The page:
Disney’s 2015 live-action Cinderella makes the lesson explicit. As Cinderella’s mother lay dying, she tells her daughter, “I have to tell you a secret that will see you through all the trials that life can offer: Have courage and be kind.” Those are words to live by.

Cinderella is an object lesson in humanity and grace—not just for little girls, but for everyone.

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  • LeftistsStink

    Great piece. Just discovered your site, my new favorite!

  • Philip Scott

    Gonna have to disagree with #2. Overarching story line is repression and isolation for both sisters. One is locked away for most of her life the other is separated from her sister for no apparent reason (her perspective). While Elsa’s suppression of her “mutant powers” certainly could be a good thing the extremes they are taken to are anything but (Conceal Don’t Feel song). Even the freedom brought about by Elsa embracing herself is taken too far, no regard for the consequences (Let it Go song) and whole second half of the movie. For me this one is right up there with Little Mermaid.

  • valjean

    Ha! Great list! By the end I realized we’re even in sync: our twin 8-year-old (and still princess-adoring) daughters have seen (and generally loved) your #1-6 … but not #7-9.

    We have our own reasons for piling on: My spouse also hates “Mermaid” for Ursula’s creepy sexuality, “Poco” is anti-historical nonsense (the English were gold crazy? her tribe is peace-loving?), and “Frog/Rapunzel” really aren’t stories for young children (of either gender).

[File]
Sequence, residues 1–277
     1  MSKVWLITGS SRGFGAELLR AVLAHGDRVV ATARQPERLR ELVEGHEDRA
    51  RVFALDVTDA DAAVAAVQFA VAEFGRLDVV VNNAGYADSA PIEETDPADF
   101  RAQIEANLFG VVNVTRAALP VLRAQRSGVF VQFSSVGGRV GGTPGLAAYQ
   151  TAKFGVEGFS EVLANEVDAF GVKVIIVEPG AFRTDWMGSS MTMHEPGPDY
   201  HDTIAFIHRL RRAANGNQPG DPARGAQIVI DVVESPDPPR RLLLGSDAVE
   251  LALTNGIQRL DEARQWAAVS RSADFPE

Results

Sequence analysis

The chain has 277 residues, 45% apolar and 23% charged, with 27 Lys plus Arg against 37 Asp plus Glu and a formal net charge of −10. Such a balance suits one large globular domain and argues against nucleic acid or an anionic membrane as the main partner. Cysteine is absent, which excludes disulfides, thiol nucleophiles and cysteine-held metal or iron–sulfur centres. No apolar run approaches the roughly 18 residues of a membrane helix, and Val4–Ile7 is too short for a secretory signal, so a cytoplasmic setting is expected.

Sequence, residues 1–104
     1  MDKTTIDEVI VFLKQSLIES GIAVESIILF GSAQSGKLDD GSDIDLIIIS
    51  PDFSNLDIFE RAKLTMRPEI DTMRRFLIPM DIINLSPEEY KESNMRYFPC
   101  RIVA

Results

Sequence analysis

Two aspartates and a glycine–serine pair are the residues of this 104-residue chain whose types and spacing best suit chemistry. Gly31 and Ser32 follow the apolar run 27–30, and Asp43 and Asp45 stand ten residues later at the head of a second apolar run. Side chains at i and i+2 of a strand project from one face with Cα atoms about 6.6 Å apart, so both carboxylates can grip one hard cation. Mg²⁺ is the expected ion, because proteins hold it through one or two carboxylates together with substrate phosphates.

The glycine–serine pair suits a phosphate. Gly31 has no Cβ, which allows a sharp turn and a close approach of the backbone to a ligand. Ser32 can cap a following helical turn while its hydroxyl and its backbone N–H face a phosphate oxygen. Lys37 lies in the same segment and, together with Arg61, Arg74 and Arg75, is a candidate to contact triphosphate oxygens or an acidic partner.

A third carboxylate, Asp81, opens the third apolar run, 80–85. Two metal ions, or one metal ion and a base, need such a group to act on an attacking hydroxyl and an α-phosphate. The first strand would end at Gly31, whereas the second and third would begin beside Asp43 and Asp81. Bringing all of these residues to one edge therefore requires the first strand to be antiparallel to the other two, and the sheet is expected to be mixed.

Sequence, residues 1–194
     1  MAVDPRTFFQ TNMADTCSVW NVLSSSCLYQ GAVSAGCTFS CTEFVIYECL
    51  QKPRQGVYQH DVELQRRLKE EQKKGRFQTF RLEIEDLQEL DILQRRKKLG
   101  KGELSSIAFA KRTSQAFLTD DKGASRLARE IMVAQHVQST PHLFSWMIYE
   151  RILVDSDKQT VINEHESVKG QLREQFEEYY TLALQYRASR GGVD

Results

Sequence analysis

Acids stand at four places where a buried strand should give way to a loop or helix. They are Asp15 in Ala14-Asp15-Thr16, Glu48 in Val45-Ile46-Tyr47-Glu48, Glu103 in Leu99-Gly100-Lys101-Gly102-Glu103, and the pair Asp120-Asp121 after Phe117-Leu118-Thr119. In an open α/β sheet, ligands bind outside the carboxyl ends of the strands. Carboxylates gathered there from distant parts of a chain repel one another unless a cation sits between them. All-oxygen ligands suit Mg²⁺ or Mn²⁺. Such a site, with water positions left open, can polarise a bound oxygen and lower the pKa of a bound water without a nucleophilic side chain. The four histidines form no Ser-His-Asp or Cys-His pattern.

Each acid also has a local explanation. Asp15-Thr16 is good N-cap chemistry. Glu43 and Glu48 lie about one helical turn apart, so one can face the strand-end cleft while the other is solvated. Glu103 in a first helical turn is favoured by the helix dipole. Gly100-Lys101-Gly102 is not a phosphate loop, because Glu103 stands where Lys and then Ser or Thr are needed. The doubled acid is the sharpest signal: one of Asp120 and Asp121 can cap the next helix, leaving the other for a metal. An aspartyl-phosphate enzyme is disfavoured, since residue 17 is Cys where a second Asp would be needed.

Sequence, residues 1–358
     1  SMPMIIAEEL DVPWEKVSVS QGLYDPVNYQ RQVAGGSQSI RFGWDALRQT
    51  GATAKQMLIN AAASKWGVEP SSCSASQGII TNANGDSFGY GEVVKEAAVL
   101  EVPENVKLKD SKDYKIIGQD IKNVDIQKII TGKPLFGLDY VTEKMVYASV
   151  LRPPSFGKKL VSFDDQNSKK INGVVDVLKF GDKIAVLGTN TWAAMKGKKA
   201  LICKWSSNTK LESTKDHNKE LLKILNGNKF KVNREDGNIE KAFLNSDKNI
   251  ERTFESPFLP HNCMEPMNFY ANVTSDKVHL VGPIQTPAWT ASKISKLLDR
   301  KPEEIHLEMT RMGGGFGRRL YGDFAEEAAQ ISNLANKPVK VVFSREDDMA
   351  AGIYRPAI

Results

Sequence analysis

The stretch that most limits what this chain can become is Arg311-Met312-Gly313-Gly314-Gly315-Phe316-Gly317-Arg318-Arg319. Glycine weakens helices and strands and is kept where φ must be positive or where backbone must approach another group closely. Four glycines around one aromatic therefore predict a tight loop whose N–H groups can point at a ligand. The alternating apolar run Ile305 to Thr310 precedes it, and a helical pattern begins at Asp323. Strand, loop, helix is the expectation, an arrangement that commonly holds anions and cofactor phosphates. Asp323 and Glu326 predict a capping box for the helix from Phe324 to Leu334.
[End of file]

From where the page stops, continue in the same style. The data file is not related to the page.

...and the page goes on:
• Mack

    I gave my daughter Robin Hood stories as an antidote.

  • Robert Smith

    What about Merida of Brave?

    She certainly is brave and skilled, but she is willing to feed her mother a cursed (poisoned?) cake just so she can have a little more say in who she marries. And it works! Though it almost gets her mother killed in the process.

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  • MC88

    As an adult I realized Belle is a snob. She looks down on the simple towns people who work all day and make her life possible while she wanders through town wondering why they are so simple (hint: they are too busy to spend all day reading fairy tales). Though they are apparently well read enough to keep the book shop in business.

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  • Angus Castle

    Nicely drawn together list! Though I will say I don’t agree with your view on Elsa – she was an awful sister to Elsa, including practically sending her into death and setting off a huge snowman. Not a good role model imo